,TC To compare how its doctors treated patients with similar medical problems, a hospital in Atlanta last year turned to a small Baltimore company, HCIA Inc. Armed with the information supplied by the company, the hospital told inefficient doctors to change their methods or move elsewhere.
One year later, patients are recovering at the same rate. But the hospital is on a financial roll.
"We discovered we could save 40 percent in one year," said John A. Anderson, medical director of West Paces Medical Center, the lead hospital in the MedFirst Health System, a new health care delivery network strung together by the Hospital Corp. of America.
"We have not been able to apply it over the entire [MedFirst] network yet, but we know now we can take this information and bring it up when we deal with businesses," Dr. Anderson said.
In the battle to corner the managed care market, HCIA has quickly become an important life-support system, pumping information to any hospital willing to buy into its data bases.
As the health care industry realigns by creating networks of providers, information has become critical to buying and selling services.
More than ever, financial -- and medical -- results count. And everybody is rushing to create objective measures.
"The real story on outcome measures is that they are very much in their infancy," said Karen Milgate, manager of public policy
for the Washington Business Group on Health.
But so far, HCIA has one of the most sophisticated health data collections in the industry, one that combines information about a hospital's financial management with data from its medical side.
It is being used increasingly by large insurance companies such as CIGNA Corp., the Aetna Life Insurance Co., and the Blue Cross and Blue Shield Association to help decide which hospitals offer the best and least-costly care.
The bulk of HCIA's clients, however, are hospitals. About 3,000 of them are using it to find out how they can win contracts from managed care companies, typically health maintenance organizations, which must weigh the hospitals' cost with the amount of care its customers will need.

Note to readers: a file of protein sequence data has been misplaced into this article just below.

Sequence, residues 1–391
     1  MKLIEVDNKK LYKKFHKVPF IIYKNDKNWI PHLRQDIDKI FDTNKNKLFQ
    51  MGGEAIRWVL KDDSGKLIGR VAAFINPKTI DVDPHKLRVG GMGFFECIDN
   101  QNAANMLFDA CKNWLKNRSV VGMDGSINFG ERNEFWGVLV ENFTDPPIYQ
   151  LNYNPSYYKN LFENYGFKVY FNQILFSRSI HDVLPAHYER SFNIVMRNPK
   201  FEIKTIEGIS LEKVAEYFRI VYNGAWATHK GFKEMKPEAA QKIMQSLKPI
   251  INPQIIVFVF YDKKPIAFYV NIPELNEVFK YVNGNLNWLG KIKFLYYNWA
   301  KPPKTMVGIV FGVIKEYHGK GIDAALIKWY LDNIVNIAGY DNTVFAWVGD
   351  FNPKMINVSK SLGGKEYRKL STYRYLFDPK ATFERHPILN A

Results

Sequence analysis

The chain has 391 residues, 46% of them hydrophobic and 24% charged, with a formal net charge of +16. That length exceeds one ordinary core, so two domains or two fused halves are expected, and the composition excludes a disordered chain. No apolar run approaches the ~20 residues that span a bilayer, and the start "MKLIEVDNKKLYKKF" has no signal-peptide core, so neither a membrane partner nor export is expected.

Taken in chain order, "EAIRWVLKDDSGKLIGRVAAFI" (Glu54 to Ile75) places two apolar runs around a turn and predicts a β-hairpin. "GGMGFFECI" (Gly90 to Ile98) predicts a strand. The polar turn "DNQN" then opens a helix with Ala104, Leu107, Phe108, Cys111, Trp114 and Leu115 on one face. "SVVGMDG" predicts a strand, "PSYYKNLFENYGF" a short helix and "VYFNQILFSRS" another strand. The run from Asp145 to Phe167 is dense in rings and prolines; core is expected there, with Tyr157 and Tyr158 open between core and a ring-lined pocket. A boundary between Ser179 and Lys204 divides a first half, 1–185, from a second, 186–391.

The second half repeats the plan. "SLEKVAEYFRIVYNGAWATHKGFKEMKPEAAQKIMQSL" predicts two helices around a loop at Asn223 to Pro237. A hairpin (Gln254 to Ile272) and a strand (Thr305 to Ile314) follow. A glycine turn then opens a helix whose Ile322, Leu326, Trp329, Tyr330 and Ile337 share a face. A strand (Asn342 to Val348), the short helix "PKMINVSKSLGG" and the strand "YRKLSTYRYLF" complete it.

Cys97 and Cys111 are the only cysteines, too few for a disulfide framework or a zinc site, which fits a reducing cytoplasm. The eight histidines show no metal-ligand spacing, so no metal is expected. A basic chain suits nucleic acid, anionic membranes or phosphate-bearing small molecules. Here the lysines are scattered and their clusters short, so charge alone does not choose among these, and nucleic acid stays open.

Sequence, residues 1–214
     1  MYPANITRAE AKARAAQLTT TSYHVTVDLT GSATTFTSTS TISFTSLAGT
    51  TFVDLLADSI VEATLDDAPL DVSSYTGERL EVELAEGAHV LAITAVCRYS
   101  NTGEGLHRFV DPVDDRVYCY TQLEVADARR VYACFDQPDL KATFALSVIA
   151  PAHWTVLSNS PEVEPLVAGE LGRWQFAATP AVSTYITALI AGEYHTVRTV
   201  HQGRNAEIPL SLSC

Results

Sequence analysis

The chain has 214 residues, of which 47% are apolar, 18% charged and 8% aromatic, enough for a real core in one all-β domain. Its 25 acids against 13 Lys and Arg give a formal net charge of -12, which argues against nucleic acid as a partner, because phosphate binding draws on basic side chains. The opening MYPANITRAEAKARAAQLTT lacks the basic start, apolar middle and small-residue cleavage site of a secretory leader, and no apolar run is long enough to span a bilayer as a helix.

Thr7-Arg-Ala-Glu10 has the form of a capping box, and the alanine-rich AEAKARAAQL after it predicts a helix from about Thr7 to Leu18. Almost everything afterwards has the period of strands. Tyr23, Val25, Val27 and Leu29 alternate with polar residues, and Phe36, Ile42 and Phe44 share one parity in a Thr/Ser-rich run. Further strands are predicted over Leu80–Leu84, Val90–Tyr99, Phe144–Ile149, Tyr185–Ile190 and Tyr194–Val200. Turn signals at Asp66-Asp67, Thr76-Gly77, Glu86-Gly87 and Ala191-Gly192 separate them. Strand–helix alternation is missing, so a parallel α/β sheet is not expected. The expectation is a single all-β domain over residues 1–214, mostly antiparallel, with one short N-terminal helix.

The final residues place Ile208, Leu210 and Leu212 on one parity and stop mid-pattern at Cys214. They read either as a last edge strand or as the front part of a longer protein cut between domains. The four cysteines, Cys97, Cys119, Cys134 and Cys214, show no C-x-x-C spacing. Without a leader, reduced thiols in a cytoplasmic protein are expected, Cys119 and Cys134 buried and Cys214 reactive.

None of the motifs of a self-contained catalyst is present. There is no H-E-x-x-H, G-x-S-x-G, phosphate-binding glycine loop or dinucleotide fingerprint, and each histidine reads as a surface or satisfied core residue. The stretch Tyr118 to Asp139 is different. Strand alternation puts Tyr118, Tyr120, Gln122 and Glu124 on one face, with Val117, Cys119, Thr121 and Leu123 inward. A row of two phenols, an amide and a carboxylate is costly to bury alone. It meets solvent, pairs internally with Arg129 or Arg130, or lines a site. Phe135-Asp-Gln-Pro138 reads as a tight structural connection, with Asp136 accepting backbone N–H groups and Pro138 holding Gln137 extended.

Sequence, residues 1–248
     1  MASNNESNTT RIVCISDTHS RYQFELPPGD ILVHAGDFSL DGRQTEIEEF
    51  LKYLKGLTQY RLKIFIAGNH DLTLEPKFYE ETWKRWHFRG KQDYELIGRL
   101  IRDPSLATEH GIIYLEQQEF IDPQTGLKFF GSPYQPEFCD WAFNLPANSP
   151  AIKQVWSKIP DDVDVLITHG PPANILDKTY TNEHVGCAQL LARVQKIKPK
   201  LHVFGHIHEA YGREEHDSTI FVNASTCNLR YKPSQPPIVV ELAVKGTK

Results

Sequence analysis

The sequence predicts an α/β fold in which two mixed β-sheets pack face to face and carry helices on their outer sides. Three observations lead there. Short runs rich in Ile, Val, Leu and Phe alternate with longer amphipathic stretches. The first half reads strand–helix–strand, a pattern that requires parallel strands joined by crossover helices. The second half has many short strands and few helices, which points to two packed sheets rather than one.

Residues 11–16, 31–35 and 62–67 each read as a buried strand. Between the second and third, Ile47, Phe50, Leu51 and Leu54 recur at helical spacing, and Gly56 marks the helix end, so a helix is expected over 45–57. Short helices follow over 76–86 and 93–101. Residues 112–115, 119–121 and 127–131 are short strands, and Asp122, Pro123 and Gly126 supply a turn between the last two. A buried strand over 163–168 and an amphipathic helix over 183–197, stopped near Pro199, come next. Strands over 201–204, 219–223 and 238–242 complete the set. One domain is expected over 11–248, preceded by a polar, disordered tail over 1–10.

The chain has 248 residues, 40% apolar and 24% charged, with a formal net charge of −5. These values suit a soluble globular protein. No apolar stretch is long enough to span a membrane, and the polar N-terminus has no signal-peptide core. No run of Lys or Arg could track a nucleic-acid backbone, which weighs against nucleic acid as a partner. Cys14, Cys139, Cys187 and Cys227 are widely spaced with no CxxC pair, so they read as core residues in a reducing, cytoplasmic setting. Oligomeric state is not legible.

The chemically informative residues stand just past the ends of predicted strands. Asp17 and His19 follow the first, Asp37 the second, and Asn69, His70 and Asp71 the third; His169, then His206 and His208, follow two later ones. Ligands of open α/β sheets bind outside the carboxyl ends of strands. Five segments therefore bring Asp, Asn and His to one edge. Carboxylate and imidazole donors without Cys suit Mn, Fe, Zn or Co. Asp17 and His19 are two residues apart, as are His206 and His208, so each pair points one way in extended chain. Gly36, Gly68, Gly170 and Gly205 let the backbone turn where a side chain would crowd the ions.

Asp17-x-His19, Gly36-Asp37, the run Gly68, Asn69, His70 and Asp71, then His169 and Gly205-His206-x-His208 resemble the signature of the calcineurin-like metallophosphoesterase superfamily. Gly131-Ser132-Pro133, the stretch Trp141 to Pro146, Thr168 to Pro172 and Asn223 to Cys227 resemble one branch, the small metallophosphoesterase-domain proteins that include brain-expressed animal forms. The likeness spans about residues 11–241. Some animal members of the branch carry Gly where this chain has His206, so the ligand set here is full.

"There's billions of dollars that are spent each year in hospitals due to inefficiency. It's not just paperwork, but physicians prescribing too much of a certain type of medicine or the patient is being kept in the hospital too long," said George D. Pillari, the 30-year-old chairman and chief executive of HCIA.
"We want to position ourselves as a public library type utility," he said. "We're not a consulting firm -- people don't hire us to make them look good."
With its unique set of data bases about the treatment of patients in hospitals around the country, HCIA is assembling information that provides a picture of the standard for care, and helping providers judge how well they meet it. West Paces Medical Center is using the data to convince potential clients that it can maintain quality and cut costs.
HCIA is a subsidiary of AMBAC Inc., the municipal bond insurer, which has funded its growth since AMBAC itself was spun off and sold to the public by Citicorp Financial Guaranty Holdings Inc. in 1991.
HCIA was the brainstorm of Steven C. Renn, a former associate professor of health care finance specializing in hospitals at the Johns Hopkins School of Hygiene and Public Health, and Mr. Pillari, who worked as a researcher for Mr. Renn after graduating in mathematics from Hopkins.
They founded the company in 1985 at the same time that Standard & Poors Corp., AMBAC and other bond raters were beginning to demand more timely information to help them rate the hospitals' tax-free bonds.
By 1988, their biggest client, AMBAC, bought them out. Mr. Renn is now in charge of AMBAC's hospital bond department.
The 8-year-old company turned a profit for the first time in June, according to AMBAC reports. Next month it takes a third floor of spectacular offices vacated by the defunct law firm of Frank, Bernstein, Conaway & Goldman.
In the past two years, the company has completely changed its product line.
In addition to publishing mounds of generic data that hospitals can use to compare and contrast themselves, it sells tailored information to medical providers at prices that range from $1,000 to $200,000.
Already the biggest source of information about hospital finances when it was acquired by AMBAC in 1990, HCIA later began to collect data about the treatment of patients from its own hospital clients.
With $25 million from AMBAC, it aggressively bought companies, equipment and information data bases around the country beginning in 1991. One of the most significant was Healthcare Knowledge Resources Inc., of Ann Arbor, Mich., with 140 employees, which was purchased in 1992, Two other companies from McGraw Hill Inc. allowed HCIA to standardize clinic data it collects.
"By combining this with our financial focus, the company is in a unique position to tie together what goes on in a hospital," Mr. Pillari said.